While the analysis of competitors’ ads, content, and keywords is well-understood and widely used in paid search engine marketing (a.k.a PPC), it is often overlooked or misunderstood in organic content optimization. While in paid media, the idea is to find niche keywords that have a high reach and low competition, in search engine optimization, the main point is to find keywords that reflect what differentiates you from your competitors but are also industry-specific enough to show that your offer is within the same product category as your competitors’ offers. For this purpose, just a simple content analysis of both your immediate competitors’ and major industry players’ ads, websites, and social media content can give you valuable insights. In addition, paid media keyword tools, such as the keyword planner tool offered by Google AdWords can also be used strategically.
Read The News
Both digital news feeds and traditional newspapers can be valuable sources for keyword ideas. Just like industry journal editors, news journalists conduct extensive user research and testing before choosing their headlines and wording. On the other hand, search engine bots love keywords that appear in multiple headlines, especially in highly ranked publications. They see them as more relevant at a given period of time. As an SEO keyword researcher, you can take advantage of the “popularity” and “expertise” of these sources to choose relevant keywords from industry-specific news.
Search Amazon And Other Online Stores
Imagine a user who considers buying a certain product. Probably, their next step is to open Amazon’s website and conduct a search using a term that describes the product that they intend to purchase as precisely as possible. All of a sudden, they are offered similar products that match the description of their desired product, but that is presented using wording different from what they had initially searched. As online shoppers, they get happy to get these new options and they consider using these words in their successive searches to get more precise results. As an SEO keyword researcher, you too can take advantage of this and choose keywords based on these suggestions making sure that when the shoppers conduct their next search, your offer appears on their screens.
The free and paid tools aimed at assisting keyword research are abundant, but the majority of these tools fail to incorporate business-specific and contextual data. Hence, they can often be misleading for professionals. One tool that stands out in the crowd is Neil Patel’s Ubersuggest.
The platform does a great job at integrating and analyzing data from multiple sources and coming up with suggestions that can be put into context easily.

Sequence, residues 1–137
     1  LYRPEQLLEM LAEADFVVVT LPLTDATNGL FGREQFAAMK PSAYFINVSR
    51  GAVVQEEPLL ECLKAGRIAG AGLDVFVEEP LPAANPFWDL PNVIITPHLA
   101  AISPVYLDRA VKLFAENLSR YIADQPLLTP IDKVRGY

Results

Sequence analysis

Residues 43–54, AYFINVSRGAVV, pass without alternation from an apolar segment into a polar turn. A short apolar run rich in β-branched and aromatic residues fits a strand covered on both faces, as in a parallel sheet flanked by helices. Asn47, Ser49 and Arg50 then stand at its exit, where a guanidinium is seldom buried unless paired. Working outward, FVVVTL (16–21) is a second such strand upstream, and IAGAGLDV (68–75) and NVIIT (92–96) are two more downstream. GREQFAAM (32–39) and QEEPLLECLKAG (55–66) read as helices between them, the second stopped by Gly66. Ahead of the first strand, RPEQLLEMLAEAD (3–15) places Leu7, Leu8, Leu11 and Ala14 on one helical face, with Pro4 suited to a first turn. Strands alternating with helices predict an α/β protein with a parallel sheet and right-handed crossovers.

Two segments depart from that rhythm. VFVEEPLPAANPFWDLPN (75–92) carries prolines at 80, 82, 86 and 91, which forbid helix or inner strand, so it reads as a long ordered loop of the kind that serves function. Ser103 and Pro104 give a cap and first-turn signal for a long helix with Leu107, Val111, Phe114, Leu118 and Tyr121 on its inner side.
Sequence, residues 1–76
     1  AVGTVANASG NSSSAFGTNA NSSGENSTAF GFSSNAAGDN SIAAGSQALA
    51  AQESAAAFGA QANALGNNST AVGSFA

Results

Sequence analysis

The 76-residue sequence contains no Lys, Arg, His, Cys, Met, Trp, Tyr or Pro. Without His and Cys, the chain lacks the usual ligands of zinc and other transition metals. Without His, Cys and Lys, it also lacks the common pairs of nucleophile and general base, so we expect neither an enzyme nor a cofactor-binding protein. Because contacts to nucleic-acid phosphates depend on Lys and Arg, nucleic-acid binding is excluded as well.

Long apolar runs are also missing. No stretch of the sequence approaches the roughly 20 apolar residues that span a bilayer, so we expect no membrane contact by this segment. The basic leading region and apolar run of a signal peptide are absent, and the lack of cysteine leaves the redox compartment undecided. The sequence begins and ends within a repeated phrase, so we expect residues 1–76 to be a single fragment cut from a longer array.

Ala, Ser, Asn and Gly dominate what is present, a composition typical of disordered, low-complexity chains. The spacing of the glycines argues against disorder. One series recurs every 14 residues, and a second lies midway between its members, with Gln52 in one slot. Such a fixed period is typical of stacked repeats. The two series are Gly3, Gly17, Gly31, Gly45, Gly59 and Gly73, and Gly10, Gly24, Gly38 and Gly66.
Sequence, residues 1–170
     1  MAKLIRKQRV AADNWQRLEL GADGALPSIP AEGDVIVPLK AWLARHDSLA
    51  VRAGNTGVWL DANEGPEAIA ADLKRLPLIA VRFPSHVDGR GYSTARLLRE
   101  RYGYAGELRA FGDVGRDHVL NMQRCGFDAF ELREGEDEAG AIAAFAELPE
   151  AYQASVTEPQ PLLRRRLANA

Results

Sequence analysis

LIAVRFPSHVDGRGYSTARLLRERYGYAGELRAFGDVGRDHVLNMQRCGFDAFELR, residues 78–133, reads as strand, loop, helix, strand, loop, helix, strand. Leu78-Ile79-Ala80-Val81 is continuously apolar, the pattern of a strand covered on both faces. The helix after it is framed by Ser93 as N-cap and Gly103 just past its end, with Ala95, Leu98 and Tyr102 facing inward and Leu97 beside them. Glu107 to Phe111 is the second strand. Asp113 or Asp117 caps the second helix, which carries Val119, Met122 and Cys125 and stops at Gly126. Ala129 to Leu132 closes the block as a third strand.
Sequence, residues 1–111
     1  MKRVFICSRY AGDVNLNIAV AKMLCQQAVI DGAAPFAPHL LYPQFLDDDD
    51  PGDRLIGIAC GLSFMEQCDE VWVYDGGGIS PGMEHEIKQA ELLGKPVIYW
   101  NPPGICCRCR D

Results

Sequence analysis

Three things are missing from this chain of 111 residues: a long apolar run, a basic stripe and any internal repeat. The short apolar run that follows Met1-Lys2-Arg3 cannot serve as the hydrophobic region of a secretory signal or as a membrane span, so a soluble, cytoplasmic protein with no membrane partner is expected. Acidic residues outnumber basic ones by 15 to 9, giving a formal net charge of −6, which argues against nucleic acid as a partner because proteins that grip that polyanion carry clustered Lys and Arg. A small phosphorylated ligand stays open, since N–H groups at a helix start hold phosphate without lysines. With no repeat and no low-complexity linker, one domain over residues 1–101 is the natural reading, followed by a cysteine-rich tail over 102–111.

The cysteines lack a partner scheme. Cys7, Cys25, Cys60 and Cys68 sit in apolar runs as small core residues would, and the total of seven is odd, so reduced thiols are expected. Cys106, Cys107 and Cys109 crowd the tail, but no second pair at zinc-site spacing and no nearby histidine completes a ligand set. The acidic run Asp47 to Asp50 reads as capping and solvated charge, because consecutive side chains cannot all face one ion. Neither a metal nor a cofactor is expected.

When used in line with the other keyword research tools mentioned above and below, Ubersuggest can be a valuable tool for checking keyword competitiveness without missing the context.
Check out Google Trends
Unsurprisingly, Google is most marketers’, developers’ and designers’ favorite company. The free tools that the company generously offers substantially facilitate their lives. Google Trends is one of such multipurpose tools that can be particularly useful for keyword generation. The common goal of any SEO keyword research is finding the terms that precisely convey the essence of a company’s offer, but that also match the terms that people in the company’s target market use when conducting a search. As an SEO keyword researcher, you might filter Google trends results (e.g. geographically, temporally, etc.) to get insights for your specific market’s search behavior and term popularity for products/categories in which you are interested.
Search engine optimization is an activity that can never be executed effectively in isolation: it should always be aligned with the overall marketing communications strategy. While underused, the incorporation of cross-media insights in different processes that comprise the overall SEO strategy is extremely useful. In this context, industry-specific TV commercials, infomercials, podcasts, and outdoor ads can give interesting ideas for keywords. After all, these are some touchpoints that shape “consumers’ language” specific to your product category and, when it comes to keywords, speaking consumers’ language is the make-or-break point.
To cut the long story short, keyword generation is one of the most important processes in search engine optimization (SEO). Especially today, when search engine bots powered with Artificial Intelligence “crawl like humans”, meaning that they analyze and rank pages based on the relevance of their content for particular product categories and for particular target audiences. The process of idea generation can be challenging indeed, but, hopefully, the list of decision support tools provided above can help you come up with unique keywords that deliver traffic and conversions.